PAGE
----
There were some luminous 70's cocktails and funky tunes to see us through to the small hours. Not sure Uganda in the 1970's was quite the same so there were a few bemused faces in the bar.
The girls are relieved that Alan has now removed the offending item from his top lip (although he's holding on to his sideburns for a bit longer!) and they have allowed a goodnight kiss again.

Thursday, 16 September 2010

Reaching out to the community...

We recently attended one of the Outreach days run by the Touch Namuwongo project, which is part of the charitable community arm of the hospital where Alison works.
Members of the community can come along every other Saturday and get HIV tests and various medical advice for free through an extensive network of local volunteers. The outreaches are held within different disadvantaged communities around Kampala. It is a very impressive service and lots of people were taking advantage of the opportunity to improve their health and increase their medical awareness. Although they had their work cut out keeping all the children entertained as well...

Tuesday, 14 September 2010

7th Heaven!

Zoe had some of her friends around to celebrate her 7th birthday. There was a treasure hunt in the garden, face painting and pizza making (the wine bottles pictured were used as rolling pins- honest!)

judging by the mess a good time was had by all...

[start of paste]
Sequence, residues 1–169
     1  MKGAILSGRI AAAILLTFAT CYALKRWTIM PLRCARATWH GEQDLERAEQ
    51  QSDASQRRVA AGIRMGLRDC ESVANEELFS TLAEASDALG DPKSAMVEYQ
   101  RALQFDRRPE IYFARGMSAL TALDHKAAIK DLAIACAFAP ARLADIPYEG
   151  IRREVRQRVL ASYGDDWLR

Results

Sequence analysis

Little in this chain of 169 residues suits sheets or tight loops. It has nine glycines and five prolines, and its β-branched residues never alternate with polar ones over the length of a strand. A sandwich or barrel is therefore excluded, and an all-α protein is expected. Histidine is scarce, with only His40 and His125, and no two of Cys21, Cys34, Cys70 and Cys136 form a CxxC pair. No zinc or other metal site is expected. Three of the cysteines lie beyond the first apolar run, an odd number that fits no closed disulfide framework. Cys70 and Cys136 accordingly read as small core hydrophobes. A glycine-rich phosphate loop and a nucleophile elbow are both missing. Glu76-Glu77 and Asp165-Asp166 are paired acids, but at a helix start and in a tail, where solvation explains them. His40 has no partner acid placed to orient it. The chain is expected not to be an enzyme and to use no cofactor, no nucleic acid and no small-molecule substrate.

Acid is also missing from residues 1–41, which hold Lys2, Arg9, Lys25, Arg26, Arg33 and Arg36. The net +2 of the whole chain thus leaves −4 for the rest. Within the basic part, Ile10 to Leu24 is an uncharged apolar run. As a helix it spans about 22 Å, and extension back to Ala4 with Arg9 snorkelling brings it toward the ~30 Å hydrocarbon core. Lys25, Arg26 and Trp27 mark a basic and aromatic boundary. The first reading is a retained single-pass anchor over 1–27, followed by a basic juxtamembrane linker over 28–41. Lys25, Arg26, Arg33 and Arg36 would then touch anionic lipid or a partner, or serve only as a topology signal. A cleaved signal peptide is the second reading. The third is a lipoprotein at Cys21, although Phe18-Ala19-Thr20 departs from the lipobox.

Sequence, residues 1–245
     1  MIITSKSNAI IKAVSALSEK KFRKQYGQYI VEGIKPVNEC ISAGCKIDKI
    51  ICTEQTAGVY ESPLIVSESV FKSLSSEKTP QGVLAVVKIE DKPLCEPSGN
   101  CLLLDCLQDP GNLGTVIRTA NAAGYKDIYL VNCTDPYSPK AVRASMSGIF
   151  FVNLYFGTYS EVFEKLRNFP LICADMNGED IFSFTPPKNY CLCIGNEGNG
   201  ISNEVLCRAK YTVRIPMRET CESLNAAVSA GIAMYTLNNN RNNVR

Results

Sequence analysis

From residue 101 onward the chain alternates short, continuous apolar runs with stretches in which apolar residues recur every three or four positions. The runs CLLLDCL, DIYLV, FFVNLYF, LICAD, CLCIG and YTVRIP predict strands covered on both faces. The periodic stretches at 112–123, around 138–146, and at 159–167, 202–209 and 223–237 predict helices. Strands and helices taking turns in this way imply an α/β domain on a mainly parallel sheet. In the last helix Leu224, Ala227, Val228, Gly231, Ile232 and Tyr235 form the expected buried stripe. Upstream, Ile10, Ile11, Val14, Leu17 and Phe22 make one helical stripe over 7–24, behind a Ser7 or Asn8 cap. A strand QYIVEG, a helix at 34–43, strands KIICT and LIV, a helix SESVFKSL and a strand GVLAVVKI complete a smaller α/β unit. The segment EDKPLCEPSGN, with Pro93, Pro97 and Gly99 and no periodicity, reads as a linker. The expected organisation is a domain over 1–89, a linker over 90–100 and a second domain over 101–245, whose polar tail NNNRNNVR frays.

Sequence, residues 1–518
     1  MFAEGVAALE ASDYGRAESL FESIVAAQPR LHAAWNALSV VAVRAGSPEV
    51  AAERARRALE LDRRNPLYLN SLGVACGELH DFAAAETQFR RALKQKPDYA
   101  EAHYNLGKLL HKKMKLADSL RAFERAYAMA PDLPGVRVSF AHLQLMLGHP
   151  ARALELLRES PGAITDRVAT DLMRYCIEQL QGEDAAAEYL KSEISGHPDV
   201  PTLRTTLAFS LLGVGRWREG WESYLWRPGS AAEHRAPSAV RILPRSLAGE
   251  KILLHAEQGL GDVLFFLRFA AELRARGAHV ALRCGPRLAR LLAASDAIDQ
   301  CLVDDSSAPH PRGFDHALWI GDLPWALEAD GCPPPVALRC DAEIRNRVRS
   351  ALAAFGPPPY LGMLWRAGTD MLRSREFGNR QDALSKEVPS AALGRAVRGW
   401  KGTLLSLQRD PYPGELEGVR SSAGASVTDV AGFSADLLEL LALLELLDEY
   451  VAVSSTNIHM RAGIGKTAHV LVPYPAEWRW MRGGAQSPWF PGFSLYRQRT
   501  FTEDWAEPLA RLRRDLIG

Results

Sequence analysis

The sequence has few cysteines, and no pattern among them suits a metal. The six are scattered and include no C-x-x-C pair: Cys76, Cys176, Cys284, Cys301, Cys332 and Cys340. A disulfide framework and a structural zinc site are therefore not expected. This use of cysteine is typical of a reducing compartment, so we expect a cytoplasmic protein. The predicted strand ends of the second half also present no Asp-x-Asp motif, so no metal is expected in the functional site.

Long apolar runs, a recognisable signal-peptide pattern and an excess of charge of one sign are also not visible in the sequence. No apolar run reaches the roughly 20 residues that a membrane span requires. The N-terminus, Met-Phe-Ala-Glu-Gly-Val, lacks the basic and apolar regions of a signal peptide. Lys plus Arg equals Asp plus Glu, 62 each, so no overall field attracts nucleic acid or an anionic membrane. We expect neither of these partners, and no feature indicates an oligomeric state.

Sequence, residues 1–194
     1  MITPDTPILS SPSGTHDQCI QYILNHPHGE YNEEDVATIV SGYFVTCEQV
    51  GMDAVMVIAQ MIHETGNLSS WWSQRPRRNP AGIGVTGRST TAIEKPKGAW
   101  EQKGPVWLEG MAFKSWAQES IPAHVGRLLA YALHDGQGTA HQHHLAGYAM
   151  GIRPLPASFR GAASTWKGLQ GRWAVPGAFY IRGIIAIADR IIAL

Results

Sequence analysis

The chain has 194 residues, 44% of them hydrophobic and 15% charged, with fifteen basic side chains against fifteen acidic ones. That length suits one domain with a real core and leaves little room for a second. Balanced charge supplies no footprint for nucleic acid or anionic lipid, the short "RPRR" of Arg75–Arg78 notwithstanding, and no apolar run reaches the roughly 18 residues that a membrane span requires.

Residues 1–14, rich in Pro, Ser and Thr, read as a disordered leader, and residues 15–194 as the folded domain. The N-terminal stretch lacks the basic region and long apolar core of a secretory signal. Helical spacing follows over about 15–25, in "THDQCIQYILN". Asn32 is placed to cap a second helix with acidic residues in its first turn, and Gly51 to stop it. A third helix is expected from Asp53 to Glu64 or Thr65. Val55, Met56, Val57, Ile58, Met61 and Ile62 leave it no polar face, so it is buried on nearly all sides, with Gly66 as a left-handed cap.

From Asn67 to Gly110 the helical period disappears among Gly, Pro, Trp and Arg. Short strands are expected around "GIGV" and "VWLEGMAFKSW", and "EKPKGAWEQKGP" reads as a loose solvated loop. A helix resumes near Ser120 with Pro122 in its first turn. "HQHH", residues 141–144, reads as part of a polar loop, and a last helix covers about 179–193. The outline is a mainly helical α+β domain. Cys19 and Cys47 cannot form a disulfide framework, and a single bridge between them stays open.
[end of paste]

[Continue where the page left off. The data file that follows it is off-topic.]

...and then we got cleaned up in the bath...

Monday, 13 September 2010

Painting Kampala Red...

Our friend and fellow VSO volunteer Jan launched her career as artist in residence at our regular Friday eveing haunt, Fuego's. Jan is an art and design teacher back in the UK and runs a charity here in Kampala which sends disadvantaged children to school. She has also found the time to capture Uganda on canvass and we helped her set up her first exhibition, which was a resounding success. One of the sales of a picture called 'Butt Naked' was to Dorthe, pictured here with Jan.

Friday, 3 September 2010

Back to Skool...

All 3 girls are now back at school with Bella returning this week after Zoe and Amy returned last week. Bella was really excited about starting full-time, although the novelty may start to wear off!
8 weeks was a long holiday and Alan especially is looking forward to some 'me' time. We have plenty to be cracking on with as Alison starts her STI research project and Alan embarks on more building work at the Royal Pride Academy and some income generation projects. Only a couple of months left until we return to England- wow!